Michael, Debbie and Olivia Nemeth enjoy living in Horizon West, close to Disney World.

Love Stories: Risking her life so her husband could live

Debbie Nemeth’s husband, Michael, was going to die without a liver transplant. She was a compatible donor.
By: 
Feb. 10, 2016

Winter Garden resident Debbie Nemeth places her hand on husband Michael’s arm as she remembers the uncertainty of the day of surgery. 

The Nemeths will celebrate their 10th wedding anniversary this April, but there was a time when neither of them was certain they would live to see that day. 

On March 1, 2013, Debbie became a living liver donor for Michael, whose liver was failing and was certain to die without a transplant. Before the surgery began, she didn’t know if she would wake up. Doctors weren’t sure if Michael would wake up either. 

It was the ultimate act of love: Laying down her life in hopes that her husband would live.

“It’s not really something you can ask people to do,” Debbie said. “It’s an enormous surgery that could kill you even though you’re otherwise healthy. It’s an enormous sacrifice of time, sacrifice of well-being, sacrifice of money.” 

LOVE FROM THE START

Discovering her boyfriend had Hepatitis C didn’t stop Debbie Pettitt from marrying him on April 8, 2006. 

Around 2011, Michael Nemeth entered a drug trial to try to eliminate the Hepatitis C, a disease that affects the liver. The drug had an adverse effect on Michael, causing the Hepatitis C to attack his liver faster. His liver began to fail. 

The Nemeths went to the Mayo Clinic in Phoenix, Arizona, where they lived at the time. Michael was told he needed a liver transplant. 

“When I had gone through the testing to be his donor, I had to get to the mindset of, ‘I’m OK if he dies. I’m OK if I die. I’m OK if we both die’ — which would leave our 5-year-old daughter without parents. Which is an enormous depth of faith that it took to do this." — Debbie Nemeth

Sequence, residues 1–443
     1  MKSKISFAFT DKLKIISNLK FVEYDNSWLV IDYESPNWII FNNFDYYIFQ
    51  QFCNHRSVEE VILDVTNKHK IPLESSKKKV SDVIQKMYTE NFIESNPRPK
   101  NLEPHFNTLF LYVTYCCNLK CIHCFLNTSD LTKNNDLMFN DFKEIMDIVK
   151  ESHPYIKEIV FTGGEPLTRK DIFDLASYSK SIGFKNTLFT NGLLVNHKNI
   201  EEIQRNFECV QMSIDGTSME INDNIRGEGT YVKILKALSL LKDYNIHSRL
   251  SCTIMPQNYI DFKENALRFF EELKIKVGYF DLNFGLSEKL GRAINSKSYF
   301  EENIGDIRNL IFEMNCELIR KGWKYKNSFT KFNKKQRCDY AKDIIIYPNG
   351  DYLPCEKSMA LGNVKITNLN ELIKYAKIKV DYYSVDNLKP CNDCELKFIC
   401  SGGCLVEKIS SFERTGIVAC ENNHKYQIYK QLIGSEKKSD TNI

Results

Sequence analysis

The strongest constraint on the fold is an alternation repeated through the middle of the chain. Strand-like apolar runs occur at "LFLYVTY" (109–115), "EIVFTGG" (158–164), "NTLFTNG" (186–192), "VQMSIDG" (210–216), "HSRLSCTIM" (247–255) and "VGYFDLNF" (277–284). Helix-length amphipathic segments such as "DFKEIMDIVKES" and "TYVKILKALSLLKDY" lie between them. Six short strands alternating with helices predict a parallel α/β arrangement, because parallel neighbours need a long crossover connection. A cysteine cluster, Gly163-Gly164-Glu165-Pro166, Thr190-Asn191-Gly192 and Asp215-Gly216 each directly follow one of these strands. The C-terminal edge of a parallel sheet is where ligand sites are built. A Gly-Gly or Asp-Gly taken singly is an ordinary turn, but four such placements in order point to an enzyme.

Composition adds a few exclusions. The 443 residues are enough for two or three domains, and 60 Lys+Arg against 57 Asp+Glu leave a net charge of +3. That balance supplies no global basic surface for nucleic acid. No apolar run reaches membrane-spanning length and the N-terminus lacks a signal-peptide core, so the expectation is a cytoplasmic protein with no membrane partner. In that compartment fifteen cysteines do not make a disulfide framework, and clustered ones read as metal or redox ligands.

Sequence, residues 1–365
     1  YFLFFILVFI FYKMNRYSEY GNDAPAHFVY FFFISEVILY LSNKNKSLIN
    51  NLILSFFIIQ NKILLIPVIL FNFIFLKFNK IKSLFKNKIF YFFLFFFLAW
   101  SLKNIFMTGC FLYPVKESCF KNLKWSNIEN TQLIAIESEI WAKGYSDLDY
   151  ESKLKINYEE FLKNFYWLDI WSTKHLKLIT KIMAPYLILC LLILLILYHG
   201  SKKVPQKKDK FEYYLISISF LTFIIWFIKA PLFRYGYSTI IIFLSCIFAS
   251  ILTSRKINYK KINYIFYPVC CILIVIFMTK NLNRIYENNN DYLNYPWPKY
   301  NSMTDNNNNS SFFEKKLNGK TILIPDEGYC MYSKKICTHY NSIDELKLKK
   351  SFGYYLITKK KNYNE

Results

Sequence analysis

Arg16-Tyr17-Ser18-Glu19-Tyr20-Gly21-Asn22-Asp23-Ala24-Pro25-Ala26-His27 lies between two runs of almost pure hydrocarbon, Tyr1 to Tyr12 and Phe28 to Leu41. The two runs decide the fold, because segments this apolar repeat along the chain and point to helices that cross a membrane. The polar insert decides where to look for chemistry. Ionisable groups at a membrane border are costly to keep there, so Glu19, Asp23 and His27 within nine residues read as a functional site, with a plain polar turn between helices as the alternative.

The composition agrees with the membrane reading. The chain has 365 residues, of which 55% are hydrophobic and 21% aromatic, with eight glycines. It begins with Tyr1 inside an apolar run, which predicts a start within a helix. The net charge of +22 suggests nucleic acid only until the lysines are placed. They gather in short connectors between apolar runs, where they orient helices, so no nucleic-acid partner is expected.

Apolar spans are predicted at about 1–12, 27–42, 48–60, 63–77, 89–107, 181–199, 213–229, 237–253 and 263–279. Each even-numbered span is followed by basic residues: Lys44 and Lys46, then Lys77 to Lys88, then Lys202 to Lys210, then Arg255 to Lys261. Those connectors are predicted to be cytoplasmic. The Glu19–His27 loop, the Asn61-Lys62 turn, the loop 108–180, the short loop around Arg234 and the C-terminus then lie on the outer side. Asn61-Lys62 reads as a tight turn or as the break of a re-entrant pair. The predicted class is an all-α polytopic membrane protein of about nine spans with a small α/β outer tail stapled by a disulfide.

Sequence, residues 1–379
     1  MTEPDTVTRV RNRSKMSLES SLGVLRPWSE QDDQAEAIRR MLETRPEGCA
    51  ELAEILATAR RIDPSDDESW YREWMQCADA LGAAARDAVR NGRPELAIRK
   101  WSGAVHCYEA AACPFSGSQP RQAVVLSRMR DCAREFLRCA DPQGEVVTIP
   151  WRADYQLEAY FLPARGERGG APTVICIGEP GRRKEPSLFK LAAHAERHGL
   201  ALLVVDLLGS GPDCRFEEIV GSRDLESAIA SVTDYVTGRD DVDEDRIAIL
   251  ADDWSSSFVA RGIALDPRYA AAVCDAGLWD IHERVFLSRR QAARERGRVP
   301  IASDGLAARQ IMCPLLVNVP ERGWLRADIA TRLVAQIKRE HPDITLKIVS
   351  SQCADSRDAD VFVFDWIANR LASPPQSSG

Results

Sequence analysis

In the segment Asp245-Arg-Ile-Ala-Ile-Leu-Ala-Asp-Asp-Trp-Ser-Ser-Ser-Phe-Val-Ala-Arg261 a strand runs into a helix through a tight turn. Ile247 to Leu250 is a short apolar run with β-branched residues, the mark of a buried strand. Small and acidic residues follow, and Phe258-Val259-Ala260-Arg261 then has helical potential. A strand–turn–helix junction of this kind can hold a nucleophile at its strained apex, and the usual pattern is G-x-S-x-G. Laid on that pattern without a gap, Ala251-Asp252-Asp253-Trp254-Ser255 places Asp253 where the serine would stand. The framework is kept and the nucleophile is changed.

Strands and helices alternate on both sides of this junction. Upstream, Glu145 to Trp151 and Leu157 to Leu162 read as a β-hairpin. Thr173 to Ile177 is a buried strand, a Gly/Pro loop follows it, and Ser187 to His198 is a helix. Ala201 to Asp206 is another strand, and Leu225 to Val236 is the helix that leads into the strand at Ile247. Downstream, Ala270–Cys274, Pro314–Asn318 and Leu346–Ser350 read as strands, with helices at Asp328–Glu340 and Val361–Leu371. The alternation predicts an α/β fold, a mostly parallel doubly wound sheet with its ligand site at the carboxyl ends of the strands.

But he was going to die before he could get a liver from a deceased donor. He was given to four to six months to live if he didn’t receive a transplant. 

The clinic told him he was eligible for a living liver donor. The liver is an organ that regenerates, so the Mayo Clinic would take two-thirds of someone else’s liver and take his liver out and put those two-thirds in. 

Although Debbie wanted to be tested for eligibility from the beginning, doctors told Debbie that as Michael’s spouse, she was the last resort. She needed to be her husband’s caregiver, and she needed to be healthy for their daughter, Olivia, who was 5 at the time. 

They reached out to family and friends, asking if someone would be willing. Those who were willing called the clinic and were tested. The donor needs to have a compatible blood type, be healthy and be between the ages of 18 and 55. Many of the people who volunteered were too old.

The clinic realized there was no other alternative and tested Debbie. They also tested Michael to make sure it was even possible for him to survive a surgery, since he was in such a fragile state. 

The surgery was scheduled for March 1, 2013. Neither of the Nemeths knew if they would survive. 

“(There was) a lot of love,” Michael said. 

“When I had gone through the testing to be his donor, I had to get to the mindset of, ‘I’m OK if he dies,’” Debbie said. “‘I’m OK if I die. I’m OK if we both die’ — which would leave our 5-year-old daughter without parents. Which is an enormous depth of faith that it took to do this. A big part of my head was telling me, ‘Don’t be stupid, Debbie, you’re the healthy one. Your daughter needs at least one parent. Stay healthy for her.’ But then the other part of me was saying, ‘How can you watch your daughter grow up and look into her eyes and tell her you didn’t do everything you could to try to save her dad?’ It came down to our faith in God.”

The Nemeths both woke from the surgery and decided they wanted to savor every moment of life. They took a celebratory trip to Disneyland. That trip led them to follow a dream to live close to Disney World, so they relocated to Winter Garden at the end of 2013.

The experience of risking her life to give her liver has grown Debbie’s faith.

“I think that’s just the biggest gift that I have received from this,’’ Debbie said.

“Wait. No, no,” Michael interjected. “I received the biggest gift.”

Contact Jennifer Nesslar at jnesslar@orangeobserver.com